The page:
The Big Picture

Patrick Goldstein and James Rainey
on entertainment and media

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Did Fox tell a whopper about the pirated copy of 'Wolverine'?

April 24, 2009 |  4:51 pm


20th Century Fox has already survived one PR nightmare, after discovering that someone had stolen a pirated workprint of its much-ballyhooed summer blockbuster "X Men Origins: Wolverine" and put it on the Internet a full month before it was scheduled to hit the theaters (May 1).

The studio managed to weather another embarrassment when a Fox columnist, Roger Friedman, not only reviewed the pirated movie but boasted about how easy it was to download off the Web, prompting a nasty in-house tussle that resulted in Friedman's firing.

The studio has now been embroiled in a new nightmare: Even though Fox Co-Chairman Tom Rothman told Entertainment Weekly shortly after the film leaked that the pirated copy was substantially different from the actual movie, including being "about 10 minutes shorter," people who've now seen the finished film are saying it is -- gulp -- exactly the same length as the pirated copy.

As Aint It Cool News reported today: "Having seen the finished film, the mystery is solved: The workprint version IS in fact identical to the release print, sans effects and some audio work. It's obvious that FOX is trying their darndest to keep this news from getting out, because it will eliminate most of the motivation for people who have seen the workprint to pay for a ticket."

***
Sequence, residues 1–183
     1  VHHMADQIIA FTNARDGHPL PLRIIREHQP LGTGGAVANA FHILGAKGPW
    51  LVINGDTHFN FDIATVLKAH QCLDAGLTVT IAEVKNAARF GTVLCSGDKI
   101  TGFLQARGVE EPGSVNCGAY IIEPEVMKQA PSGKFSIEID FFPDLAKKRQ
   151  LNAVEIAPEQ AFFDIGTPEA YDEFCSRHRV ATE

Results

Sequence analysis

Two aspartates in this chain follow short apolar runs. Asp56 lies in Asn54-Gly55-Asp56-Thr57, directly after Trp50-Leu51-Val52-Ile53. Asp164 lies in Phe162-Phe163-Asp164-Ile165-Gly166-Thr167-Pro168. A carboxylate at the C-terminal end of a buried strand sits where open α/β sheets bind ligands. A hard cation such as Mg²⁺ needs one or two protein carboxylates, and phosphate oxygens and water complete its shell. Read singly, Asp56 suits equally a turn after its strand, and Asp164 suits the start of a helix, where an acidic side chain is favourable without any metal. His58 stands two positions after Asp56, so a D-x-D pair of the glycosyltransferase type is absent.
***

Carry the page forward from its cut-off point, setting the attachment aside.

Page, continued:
To add insult to injury, the AICN review says the film, while fun, has lackluster visual effects, along with a "non-existing story, horrible dialogue and criminally underdeveloped characters." Ouch!

Bloggers may not get their own facts right much of the time, but boy, are they hard on studios who dissemble to protect their big summer movies. Hilary Lewis at calls the news about the movie's virtually identical running time a fresh scandal, saying, "Fox is in trouble. Now not only are all of the bad reviews of the workprint version justified, but the studio's been caught in a lie -- which weakens the trust audiences have in the studio and might lead to more people watching the pirated versions of Fox's films, including 'Wolverine.' "

I'm not sure the situation is really that dire. The bad buzz from the Internet could put a crimp in the film's opening weekend onslaught, but history has shown that most fans, especially devotees of visual effects films, want to see the movie on the big screen. Still, I can't say Fox has done a great job of combating this latest onslaught of bad news. After waiting for hours, I finally got a bland statement that doesn't address at all the issue of how Rothman could say roughly 10 minutes were missing when, in fact, the running time of the finished film -- 107 minutes, according to those who've seen it -- is the same running time as the pirated version.

All Fox said was that the pirated workprint "is substantially different than the release version. The pirated version had over 400 unfinished effects, dozens of unrefined scenes and no sound or score or color work done at all and is not remotely representative of the experience that moviegoers will have when the film is finally released theatrically."

Fox insiders also say theatergoers will get an "Easter egg" surprise at the end of the film, with the arrival of two versions of new narrative footage (i.e. not outtakes) that will push the storyline forward. Half of the prints around the country will have one version, half will have the other.

I'm eager to hear from "Wolverine" fans on this issue: Is this a tempest in a teapot? Or do you feel the studio has been playing fast and loose with the facts?

Photo of Hugh Jackman in "X-Men Origins: Wolverine" by Michael Muller / 20th Century Fox